After cautioning general public against dealing with two Sahara group firms and their top executives due to an order for attachment of their assets, Sebi has asked hundreds of institutions including banks, other financial services firms and even government departments to be cautious in their business with these Sahara entities.
Close on the heels of ordering attachment of bank accounts, investments and all other assets of two Sahara group firms and their promoters, including group chief Subrata Roy, market watchdog Securities and Exchange Board of India (Sebi) last month cautioned the investors and general public against transacting with these companies and persons.
Now, Sebi has advised banks, mutual funds, capital market entities and government departments dealing in property matters to stay cautious about the entities facing attachment orders, as any dealings involving the assets ordered to be frozen or attached could be tantamount to breach of regulatory directions issued as per the Supreme Court orders, a senior official said.
Sebi has already issued hundreds of such advisories and many more are being sent to various entities, the official said, while adding that the regulator is also seeking help of banks, RBI and other agencies with regard to recovery of over Rs. 19,000 crore from the two Sahara companies towards refund to investors.
Saharas have paid Rs. 5,120 crore to Sebi so far and claim that this amount itself is more than the total outstanding liability towards the bondholders of the two companies. The two firms were ordered by Supreme Court on August 31, 2012 to refund over Rs. 24,000 crore to investors and Sebi was asked to facilitate the refund.
After the Supreme Court told Sebi that it can attach properties and freeze accounts if the companies were not paying the money, the regulator last month passed the attachment orders.
Subsequently, Sebi said in a public notice: "Anyone transacting with them (Sahara India Real Estate Corp Ltd, Sahara Housing Investment Corp Ltd and their three promoters and directors) would be doing so at their own peril."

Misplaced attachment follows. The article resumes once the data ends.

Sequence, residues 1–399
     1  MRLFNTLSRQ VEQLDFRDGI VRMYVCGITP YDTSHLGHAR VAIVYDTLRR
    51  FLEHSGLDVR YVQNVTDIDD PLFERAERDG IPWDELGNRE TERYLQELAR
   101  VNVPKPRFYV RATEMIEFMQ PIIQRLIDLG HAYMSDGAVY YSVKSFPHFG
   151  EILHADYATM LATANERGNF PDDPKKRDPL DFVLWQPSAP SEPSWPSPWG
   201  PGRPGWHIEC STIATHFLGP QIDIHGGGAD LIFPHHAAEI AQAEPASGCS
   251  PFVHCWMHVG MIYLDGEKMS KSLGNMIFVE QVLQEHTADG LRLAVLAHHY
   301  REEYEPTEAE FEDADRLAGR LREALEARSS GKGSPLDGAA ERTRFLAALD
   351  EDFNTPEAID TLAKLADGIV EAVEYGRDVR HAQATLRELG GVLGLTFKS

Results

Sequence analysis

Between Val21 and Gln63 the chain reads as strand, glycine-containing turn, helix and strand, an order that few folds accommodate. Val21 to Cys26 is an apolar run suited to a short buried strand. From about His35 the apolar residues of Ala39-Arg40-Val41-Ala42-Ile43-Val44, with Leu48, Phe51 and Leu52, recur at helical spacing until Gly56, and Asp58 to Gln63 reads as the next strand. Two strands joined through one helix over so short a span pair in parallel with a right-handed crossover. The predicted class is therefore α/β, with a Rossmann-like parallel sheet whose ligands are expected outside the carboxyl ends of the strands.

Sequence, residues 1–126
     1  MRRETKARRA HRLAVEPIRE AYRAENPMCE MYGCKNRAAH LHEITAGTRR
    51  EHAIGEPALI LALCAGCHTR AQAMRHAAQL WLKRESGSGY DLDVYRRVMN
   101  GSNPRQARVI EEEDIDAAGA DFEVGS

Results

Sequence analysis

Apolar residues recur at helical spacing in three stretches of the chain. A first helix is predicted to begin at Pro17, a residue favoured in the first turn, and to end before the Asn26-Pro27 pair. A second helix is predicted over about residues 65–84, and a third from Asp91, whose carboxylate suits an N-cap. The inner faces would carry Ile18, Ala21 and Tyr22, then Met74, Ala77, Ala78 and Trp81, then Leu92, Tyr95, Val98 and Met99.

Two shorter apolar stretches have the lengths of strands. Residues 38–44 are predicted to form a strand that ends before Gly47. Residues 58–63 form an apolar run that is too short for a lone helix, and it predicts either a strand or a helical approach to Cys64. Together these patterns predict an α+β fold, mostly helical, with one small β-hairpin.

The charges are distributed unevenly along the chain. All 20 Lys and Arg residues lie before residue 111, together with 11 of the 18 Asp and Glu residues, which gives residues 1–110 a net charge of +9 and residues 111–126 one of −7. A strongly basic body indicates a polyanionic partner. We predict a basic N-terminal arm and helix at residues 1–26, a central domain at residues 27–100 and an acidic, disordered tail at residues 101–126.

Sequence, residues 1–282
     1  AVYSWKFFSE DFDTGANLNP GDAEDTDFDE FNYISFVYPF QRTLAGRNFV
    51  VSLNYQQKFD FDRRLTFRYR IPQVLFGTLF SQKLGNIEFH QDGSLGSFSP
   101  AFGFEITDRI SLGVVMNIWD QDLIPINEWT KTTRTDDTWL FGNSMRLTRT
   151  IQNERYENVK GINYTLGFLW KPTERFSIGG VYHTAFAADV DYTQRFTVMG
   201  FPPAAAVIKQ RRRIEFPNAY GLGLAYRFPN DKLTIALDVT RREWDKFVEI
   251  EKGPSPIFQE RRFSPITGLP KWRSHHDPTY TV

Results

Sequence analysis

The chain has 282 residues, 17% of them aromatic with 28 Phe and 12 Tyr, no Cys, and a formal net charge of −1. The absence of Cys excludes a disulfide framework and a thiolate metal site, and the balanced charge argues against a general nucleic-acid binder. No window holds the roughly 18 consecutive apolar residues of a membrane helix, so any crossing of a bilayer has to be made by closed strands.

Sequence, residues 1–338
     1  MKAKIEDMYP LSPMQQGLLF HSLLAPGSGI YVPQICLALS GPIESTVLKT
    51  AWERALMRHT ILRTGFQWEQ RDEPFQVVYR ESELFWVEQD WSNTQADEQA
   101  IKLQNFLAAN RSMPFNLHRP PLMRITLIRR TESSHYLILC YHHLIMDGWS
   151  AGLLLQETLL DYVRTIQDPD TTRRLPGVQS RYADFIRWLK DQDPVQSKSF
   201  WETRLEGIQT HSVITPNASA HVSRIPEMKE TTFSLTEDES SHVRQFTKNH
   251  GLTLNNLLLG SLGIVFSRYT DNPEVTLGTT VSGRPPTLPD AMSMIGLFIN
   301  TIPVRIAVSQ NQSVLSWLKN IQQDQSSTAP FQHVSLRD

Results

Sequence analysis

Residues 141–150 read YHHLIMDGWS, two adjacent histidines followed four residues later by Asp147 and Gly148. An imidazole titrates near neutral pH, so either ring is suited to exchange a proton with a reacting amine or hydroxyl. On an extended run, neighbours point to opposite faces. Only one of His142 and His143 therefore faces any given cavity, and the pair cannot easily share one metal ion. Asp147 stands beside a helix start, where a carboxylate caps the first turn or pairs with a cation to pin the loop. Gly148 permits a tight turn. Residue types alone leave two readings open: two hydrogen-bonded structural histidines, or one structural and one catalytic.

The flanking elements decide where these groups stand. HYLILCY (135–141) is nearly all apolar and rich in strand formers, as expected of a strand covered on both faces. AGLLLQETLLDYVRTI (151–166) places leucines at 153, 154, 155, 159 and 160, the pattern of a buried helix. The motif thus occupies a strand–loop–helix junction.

The regulator said that in furtherance to a Supreme Court order directing refund of investors' money collected by these Sahara firms, it has ordered "attachment of all moveable and immovable properties, bank accounts and demat accounts of these two companies and that of its promoters and directors namely Subrata Roy Sahara, Vandana Bhargava, Ashok Roy Choudhary and Ravi Shankar Dubey."
"Investors and general public are advised to exercise caution and take note of the said orders before transacting with the aforesaid entities/persons in any manner whatsoever," it said in the public notice.
On February 13, Sebi passed two separate orders, together running into 160 pages, directing attachment of properties and freezing of accounts.
It was after the Supreme Court said that the regulator was free to freeze the accounts and attach properties if Sahara firms were not complying with the apex court's earlier orders of August 2012 towards refund of investors' money totaling over Rs 24,000 crore.
The assets ordered to be attached included those related to the group's Aambey Valley resort town near Pune, other real estate assets in Delhi, Mumbai and at other places across the country, shares, mutual funds and various other investments.
Passing the attachment orders, the market regulator said that the two companies had raised Rs. 6,380 crore and Rs. 19,400 crore, respectively from bondholders and "various illegalities" were committed in raising of these funds.
With regard to Subrata Roy and three other directors, namely Vandana Bhargava, Ravi Shanker Dubey and Ashok Roy Choudhary, Sebi ordered freezing of all bank and demat accounts of these four persons, as also attachment of all moveable and immovable properties in their name with immediate effect.
Subsequently, the Sahara Group claimed that the actions taken by Sebi were based on "old facts" and the orders for attaching assets of individuals is incorrect on part of the market regulator.
Later, the group also ran a major advertisement campaign in newspapers with claims that "Sahara has nothing to pay (and) rather Sahara shall soon be eligible to take a big refund from Sebi" and it was submitting to Sebi the provisional balance sheets of two companies as on December 31, 2012 for more clarity on the matter.
In an unusual development last week, Sahara group also claimed that it fears income tax raids on it at the behest of Sebi and the regulator was working with a vengeance against it.
The Supreme Court on August 31, 2012 had asked Sahara group firms to refund the money with 15% interest and had asked Sebi to facilitate the refund.
However, the group in December, 2012 was allowed to pay the money in three instalments, including an immediate payment of Rs. 5,120 crore, followed by an installment of Rs. 10,000 crore in the first week of January and remainder by the first week of February 2013.
Sebi in its attachment orders, however, said that neither of the two instalments was paid and therefore it is constrained to take necessary action as per the Supreme Court orders.